Endolymph, a unique extracellular fluid in the cochlea of the inner ear, exhibits a highly positive potential of +80 mV. This so-called endocochlear potential (EP), which is indispensable for hearing, originates from the lateral cochlear wall. The lateral wall, which comprises the stria vascularis and its neighboring spiral ligament, is likely made up of two epithelial layers. By using electrophysiological and theoretical approaches, we have shown that the EP depends on the K+ dynamics in the extra/intracellular compartments of the lateral wall. Of importance, the K+ environment seems to be controlled by the unidirectional K+ transport throughout the cochlea. Moreover, the results of our recent study suggest that of the several K+-transport molecules expressed in the lateral wall, only Na+, K+-ATPase is likely to be involved in driving the unidirectional K+ transport. These findings will contribute not only to elucidation of the mechanism underlying hearing, but also that of the pathophysiological processes involved in deafness caused by impairment of the EP.
In order to evaluate hearing loss in elderly people, we recorded and compared the pure-tone threshold and speech discrimination scores in 399 ears. The subjects were 201 males and 198 females with sensorineural hearing loss; the patients were seen between 2007 and 2014 and ranged in age from 6 to 96 years. The pure-tone audiogram showed decline of the threshold after the age of forty, and the maximum score in the speech audiogram became worse after the age of sixty years. While the pure-tone threshold showed a large dispersion in younger patients, the discrimination scores were poor and widely spread dispersed in the elderly.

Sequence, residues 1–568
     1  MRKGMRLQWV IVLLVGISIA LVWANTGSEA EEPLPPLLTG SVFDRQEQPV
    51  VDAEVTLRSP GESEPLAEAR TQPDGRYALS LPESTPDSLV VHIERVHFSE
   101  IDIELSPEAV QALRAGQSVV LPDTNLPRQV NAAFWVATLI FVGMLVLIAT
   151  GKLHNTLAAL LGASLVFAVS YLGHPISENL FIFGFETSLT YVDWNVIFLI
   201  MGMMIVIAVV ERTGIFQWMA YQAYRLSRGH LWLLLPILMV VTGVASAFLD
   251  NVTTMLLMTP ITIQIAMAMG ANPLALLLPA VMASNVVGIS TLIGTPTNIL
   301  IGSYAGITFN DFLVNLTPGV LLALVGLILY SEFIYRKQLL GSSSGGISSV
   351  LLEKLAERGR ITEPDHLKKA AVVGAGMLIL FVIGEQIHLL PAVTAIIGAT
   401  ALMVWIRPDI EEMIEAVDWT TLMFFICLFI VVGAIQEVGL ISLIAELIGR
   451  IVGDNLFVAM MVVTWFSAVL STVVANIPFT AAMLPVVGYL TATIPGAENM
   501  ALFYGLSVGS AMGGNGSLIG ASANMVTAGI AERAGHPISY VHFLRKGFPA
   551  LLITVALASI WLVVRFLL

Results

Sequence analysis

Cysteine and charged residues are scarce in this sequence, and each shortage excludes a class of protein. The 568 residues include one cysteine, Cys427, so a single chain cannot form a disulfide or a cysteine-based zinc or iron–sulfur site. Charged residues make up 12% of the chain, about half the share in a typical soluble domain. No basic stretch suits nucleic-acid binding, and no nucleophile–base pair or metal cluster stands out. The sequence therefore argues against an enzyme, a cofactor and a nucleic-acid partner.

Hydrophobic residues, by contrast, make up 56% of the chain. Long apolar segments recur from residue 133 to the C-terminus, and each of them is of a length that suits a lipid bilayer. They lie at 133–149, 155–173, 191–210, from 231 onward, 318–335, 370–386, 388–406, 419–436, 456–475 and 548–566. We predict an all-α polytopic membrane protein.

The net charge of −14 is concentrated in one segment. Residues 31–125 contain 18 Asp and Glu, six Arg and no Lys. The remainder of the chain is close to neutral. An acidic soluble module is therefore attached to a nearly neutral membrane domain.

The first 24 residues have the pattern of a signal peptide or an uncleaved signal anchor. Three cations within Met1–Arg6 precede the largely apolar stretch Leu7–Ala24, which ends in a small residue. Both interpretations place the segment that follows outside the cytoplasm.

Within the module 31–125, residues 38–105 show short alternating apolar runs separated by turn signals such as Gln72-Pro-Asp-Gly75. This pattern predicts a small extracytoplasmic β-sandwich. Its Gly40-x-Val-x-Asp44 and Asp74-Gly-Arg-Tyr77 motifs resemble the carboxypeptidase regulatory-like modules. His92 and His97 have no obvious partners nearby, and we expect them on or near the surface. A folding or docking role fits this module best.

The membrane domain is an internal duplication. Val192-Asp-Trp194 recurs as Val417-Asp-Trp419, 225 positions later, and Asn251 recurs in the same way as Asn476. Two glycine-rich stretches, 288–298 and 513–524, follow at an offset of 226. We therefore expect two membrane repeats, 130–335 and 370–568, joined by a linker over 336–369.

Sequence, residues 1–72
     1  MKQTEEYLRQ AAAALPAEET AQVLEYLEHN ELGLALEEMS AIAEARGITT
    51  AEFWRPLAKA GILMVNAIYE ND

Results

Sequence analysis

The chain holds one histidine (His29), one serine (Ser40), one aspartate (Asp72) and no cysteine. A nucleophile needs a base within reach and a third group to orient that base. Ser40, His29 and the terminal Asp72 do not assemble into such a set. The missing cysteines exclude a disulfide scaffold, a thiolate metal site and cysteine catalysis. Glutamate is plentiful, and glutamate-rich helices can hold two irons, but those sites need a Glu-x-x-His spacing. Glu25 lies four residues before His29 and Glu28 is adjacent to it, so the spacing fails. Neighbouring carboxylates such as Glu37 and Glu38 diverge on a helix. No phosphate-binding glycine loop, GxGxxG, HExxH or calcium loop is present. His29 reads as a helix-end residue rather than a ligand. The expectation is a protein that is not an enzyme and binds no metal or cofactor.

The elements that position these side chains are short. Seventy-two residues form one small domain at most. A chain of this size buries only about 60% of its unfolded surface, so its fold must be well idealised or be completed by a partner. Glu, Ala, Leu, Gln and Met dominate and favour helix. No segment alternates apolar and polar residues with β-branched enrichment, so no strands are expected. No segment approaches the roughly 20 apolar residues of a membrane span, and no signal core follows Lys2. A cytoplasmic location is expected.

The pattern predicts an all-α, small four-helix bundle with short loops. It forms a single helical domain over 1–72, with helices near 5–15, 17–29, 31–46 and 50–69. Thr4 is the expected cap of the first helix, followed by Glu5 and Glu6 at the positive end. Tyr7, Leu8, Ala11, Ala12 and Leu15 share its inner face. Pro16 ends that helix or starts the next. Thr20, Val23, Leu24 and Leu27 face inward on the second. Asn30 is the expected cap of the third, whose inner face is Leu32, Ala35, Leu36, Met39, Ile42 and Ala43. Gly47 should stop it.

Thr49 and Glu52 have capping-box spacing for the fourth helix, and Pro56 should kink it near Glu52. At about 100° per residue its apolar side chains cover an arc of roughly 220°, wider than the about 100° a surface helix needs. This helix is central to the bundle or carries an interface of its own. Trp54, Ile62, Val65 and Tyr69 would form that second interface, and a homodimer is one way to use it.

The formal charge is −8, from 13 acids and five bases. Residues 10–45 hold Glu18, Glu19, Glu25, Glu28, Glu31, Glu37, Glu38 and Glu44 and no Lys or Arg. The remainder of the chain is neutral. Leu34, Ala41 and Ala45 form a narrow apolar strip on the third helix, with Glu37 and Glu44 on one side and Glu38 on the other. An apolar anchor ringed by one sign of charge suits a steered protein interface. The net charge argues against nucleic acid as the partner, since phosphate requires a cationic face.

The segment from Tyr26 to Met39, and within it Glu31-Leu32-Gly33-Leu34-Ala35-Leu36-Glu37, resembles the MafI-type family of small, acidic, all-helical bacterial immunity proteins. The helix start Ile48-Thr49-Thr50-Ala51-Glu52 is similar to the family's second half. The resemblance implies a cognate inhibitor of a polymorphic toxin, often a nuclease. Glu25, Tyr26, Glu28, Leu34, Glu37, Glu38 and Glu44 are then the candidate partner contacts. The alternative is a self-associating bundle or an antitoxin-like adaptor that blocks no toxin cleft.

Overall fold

These two auditory tests are psychological methods and depend to some extent on the sensitivity of the aging patients. The difference between the two tests seems to be that the pure-tone test reflects the function of the cochlea per se, while the speech discrimination test reflects the cochlear nerve activity. While presbycusis is characterized by abnormalities at both levels, the ages of onset differ. Therefore, two tests should be coupled and carefully studied together for evaluating the hearing problems associated with aging.
A total of 87 users of a long-term care health facility underwent ear examinations and audiometry. The average age of the subjects was 83.5±8.0 years and the average score on the Mini Mental State Examination (MMSE) was 14±9.0. In the subjects who could not react with the button in the hearing test, other methods such as placing marbles, raising a hand, or verbal response were used. Behavioral observation audiometry was also used in some subjects. The subjects were divided into four groups according to the reliability of the hearing test. We investigated the MMSE scores and the timing of the hearing test in the four groups.
Ear examination showed normal results in 64 subjects (73%). In all of the 17 cases (100%) with MMSE scores of 24 and over, the right and left hearing thresholds were measurable by using several reaction patterns according to the cognitive function level of the subjects. Furthermore, they were also measurable in 30 of the 33 cases with MMSE scores of 11-23 (91%), and 12 of the 31 cases with MMSE scores of 10 or lower (38%). Bilateral hearing loss was observed in 56 (90%) of the 62 subjects in whom the audiometry threshold could be obtained. There was no statistically significant correlation between the hearing level and the MMSE scores.